Even though the Laura RS is not as sharp as an RS should be, it is definitely much sharper than the regular TSI. The lack of razor sharp handling has its benefits though as the Laura RS does not have a ride which will jostle the passengers. The balance of ride and handling has been maintained very well and the suspension works well too. The RS soaks up most of the bumps on the road and does not get unsettled so easily. The steering wheel deserves a special mention for the directness and feel it offers at triple digit speeds. Brakes are extremely strong and the ABS, EBD and MBA (Mechanical Brake Assistant) ensure the Laura RS stops with the same thrust as it goes.
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Performance – The part that everybody is waiting for. Is the Laura RS any quicker! I am sorry to break the ice but its not. Skoda has plonked the same 1.8-litre TSI petrol motor which does duty in the regular Laura petrol. This motor produces 160 BHP of peak power between 4500-6200 RPM and 250 Nm of peak torque between 1500-4500 RPM. This engine is mated to a 6-speed manual gearbox, which is butter smooth to operate. In Europe, Skoda offers the Octavia RS with a 2.0-litre TFSI engine which produces 200 BHP of power. The Octavia RS (our Laura) is even offered with a 2.0-litre diesel motor internationally, which produces 170 BHP of power.
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Even though Skoda has offered us the lesser powerful engine, the Laura RS is quite quick. It reaches from 0 to 100 km/h in the same time as the Laura TSI, which is 8.4 seconds but some how you tend to feel you are going quicker. This 1.8-litre engine is a beauty, extremely silent at idle and one can seldom feel the engine is running. But all this is thanks to the technology infused into this motor. The 1798 cc motor uses stratified direct fuel injection which sprays the fuel directly into the cylinder. The DOHC unit also has variable vale timing and then there is the turbocharger which ensures the silence before the storm.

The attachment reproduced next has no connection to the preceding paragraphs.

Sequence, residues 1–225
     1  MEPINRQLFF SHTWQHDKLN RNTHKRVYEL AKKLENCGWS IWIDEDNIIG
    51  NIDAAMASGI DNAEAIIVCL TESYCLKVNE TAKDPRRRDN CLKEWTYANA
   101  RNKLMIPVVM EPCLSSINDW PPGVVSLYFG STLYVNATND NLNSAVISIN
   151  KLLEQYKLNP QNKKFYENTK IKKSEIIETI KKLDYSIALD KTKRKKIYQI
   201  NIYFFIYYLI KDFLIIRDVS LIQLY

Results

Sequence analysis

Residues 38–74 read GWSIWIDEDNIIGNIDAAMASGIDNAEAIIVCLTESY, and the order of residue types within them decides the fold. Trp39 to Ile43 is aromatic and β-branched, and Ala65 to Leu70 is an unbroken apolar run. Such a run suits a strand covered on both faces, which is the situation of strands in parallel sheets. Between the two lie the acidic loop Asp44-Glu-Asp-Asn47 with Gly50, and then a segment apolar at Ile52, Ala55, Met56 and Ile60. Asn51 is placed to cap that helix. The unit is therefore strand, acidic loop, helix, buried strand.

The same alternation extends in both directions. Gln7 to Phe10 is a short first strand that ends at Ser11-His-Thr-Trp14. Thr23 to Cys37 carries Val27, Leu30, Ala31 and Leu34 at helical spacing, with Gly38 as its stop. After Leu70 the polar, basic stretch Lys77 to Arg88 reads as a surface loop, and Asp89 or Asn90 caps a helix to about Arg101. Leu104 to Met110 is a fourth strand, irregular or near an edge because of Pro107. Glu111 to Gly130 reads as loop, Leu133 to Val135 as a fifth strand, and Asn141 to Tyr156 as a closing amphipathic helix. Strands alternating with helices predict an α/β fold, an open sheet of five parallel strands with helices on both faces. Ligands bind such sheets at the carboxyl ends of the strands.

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The Skoda Laura RS respects urgency and a dab on the throttle ensures and the vehicle surges forward with utmost enthusiasm. The car will pull forward across the revv-band and once the turbo spools, the way this vehicle moves is something enjoyed more than just read. Never does the engine tend to run out of breathe with the car redlining all the way at 7100 RPM and even at triple digit speeds, the motor is quite comfortable and cruises without any effort. Even with hard pedal to the metal driving, the Laura RS manages to return 10 km/l, which is amazing for a car of this size and acceleration.
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Conclusion – The Skoda Laura RS might not be a true Rally Sport but its hits two birds with one stone. It looks stunning, drives sharply and is well balanced. At the same time, the car won’t break your back with a harsh ride, nor will it burn a hole in your pocket with single digit mileage figures. If you think the diesel era has just begun, think again, because there is still a car for the true petrol head, which make you smile every time you floor the pedal to the floor.
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* Drop deadly gorgeous looks
* Driving position
* Strong performing engine
* Well weighed steering wheel
Whats Not So Cool
* Still not a true RS
* Right side mirror takes time to get used to
* 1.8 TSI and not 2.0 TSI used
* Unlike Skoda horn